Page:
I'm new to the scene as a lender.
Let me ask the question. Why isn't it ok for a GL to have some financial reward for the work he does setting up a group and riding herd over it?
And the other thing I'm not quite understanding. What are the tax consequences to /as a group leader.

At 2:23 PM, Blogger cellardoor said...

Having group rewards is absolutely fine, and I have no problem with group leaders who are upfront about charging for rewards and also add value.

The backstory/controversy is that certain group leaders were deliberately and flagrantly flouting the truth -- or just plain lying to sign people up for their 0% shared groups. In other cases, they neither vetted, nor recruited people from outside the existing prosper pool, or did anything else -- but they did "guarantee" people funding if they joined (which didn't happen), made knowingly false claims about the amount of funding available to people who joined their groups, misled financially unsophisticated borrowers into believing that rewards cost them nothing, etc etc ad nauseum.

There are 2 main components to this problem:

1.Prosper makes it very unclear to people that
a)group rewards are actually fees to borrowers (and lenders)
b)in straightforward $ terms, just how much a fee of X% adds up to over several years
2.Borrowers, on average, tend to be less financially sophisticated, and more importantly, have far less incentive to learn about the fine print of prosper (unlike leaders and lenders, who will presumably continue to use prosper, borrowers can only have 1 loan out at a time).

As for GL tax consequences, income is income, however you get it. I'm not sure whether it'd qualify as interest income of employment income, however.

At 6:28 PM, Anonymous Anonymous said...

It's ridiculous to think that group leaders should not be paid in some form for their work!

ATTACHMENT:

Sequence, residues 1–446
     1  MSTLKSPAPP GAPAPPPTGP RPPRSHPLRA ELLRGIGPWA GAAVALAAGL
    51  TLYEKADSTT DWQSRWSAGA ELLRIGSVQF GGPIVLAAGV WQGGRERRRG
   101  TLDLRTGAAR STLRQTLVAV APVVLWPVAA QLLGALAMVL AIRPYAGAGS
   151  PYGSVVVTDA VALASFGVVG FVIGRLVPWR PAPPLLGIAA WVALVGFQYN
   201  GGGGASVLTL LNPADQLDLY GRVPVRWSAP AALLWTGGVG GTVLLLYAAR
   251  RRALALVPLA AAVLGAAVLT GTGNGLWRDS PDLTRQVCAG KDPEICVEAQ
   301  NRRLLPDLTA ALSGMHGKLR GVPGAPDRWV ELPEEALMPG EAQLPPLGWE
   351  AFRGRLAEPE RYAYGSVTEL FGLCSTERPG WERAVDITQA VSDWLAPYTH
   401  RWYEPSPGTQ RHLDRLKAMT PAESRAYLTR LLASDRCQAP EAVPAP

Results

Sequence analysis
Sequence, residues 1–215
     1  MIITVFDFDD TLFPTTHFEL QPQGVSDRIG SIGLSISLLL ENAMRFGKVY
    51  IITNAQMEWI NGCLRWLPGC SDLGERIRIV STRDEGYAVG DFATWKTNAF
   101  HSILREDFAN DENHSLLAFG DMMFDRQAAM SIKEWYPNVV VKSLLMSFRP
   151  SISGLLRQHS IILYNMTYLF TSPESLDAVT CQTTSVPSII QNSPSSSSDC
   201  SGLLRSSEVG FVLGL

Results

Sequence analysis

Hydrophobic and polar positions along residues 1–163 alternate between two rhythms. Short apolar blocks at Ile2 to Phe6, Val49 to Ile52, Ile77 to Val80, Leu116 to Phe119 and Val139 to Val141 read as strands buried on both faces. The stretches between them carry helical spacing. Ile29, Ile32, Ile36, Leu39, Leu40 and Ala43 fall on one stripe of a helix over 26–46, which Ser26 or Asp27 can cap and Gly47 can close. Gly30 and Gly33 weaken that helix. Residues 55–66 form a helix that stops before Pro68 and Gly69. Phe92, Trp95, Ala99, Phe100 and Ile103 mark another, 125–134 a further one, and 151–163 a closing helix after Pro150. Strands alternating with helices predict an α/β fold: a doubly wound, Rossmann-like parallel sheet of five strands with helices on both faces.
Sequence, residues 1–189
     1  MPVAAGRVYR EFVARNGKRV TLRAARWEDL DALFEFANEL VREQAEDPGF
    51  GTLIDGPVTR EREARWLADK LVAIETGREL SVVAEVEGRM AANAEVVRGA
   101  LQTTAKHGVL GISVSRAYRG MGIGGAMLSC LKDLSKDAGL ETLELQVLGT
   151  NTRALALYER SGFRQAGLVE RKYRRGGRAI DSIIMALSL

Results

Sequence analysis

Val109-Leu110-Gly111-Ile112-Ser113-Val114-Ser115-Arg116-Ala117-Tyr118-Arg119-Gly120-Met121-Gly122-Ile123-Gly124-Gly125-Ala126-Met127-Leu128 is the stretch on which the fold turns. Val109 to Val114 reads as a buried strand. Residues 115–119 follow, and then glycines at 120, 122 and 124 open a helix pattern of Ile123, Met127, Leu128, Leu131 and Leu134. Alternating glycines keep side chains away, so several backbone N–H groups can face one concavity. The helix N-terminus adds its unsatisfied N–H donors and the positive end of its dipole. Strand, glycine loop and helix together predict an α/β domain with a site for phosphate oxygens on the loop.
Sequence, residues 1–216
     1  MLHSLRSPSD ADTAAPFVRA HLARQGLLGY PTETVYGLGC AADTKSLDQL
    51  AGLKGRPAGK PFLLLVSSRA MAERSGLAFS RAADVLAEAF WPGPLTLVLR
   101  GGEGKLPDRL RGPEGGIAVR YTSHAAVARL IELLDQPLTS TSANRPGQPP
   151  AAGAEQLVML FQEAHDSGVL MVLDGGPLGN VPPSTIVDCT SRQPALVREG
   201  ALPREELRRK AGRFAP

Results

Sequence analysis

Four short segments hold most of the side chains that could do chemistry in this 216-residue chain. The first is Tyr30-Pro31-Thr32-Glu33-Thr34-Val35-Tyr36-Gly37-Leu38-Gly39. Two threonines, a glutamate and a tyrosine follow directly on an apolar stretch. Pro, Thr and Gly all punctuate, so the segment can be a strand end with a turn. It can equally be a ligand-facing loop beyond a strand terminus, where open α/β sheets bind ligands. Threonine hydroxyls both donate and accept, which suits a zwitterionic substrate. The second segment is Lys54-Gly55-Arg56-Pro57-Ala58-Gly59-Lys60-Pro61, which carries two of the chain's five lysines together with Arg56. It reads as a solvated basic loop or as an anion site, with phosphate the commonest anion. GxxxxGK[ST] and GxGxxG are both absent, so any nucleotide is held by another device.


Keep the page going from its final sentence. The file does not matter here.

I spend AT LEAST 5-6 hours a day working my group by approving listings, approving membership, rewriting listings for borrowers, vetting information and the like and you don't think I should be paid for that?!?

Though you may pull my post for this, I find you and the other group leaders that don't think GL rewards are a good idea completely bizarre! At best, you have a lot of free time on your hands and this keeps you happily busy and at worst, business isn't your forte. No offense, but come ON! This GL stuff is ALOT of work and not very rewarding work at that. The little tiny match fee for getting one funded doesn't even cover most expenses involved let alone the amount of time I end up spending.

Considering the majority of borrowers that come to Prosper are HR credit and have NO clue what to put in their listings to get it funded, I feel my expertise and time are well worth the tiny bit of cash I receive from their loan. In most cases, if it wasn't for MY hard work, they wouldn't have been funded to begin with.

At 2:46 PM, Anonymous Anonymous said...

I dont see why anyone would choose a group without 100% rewards. Why give away money? As an independent lender I find hhe whole concept of groups distrubing. Please see my blog: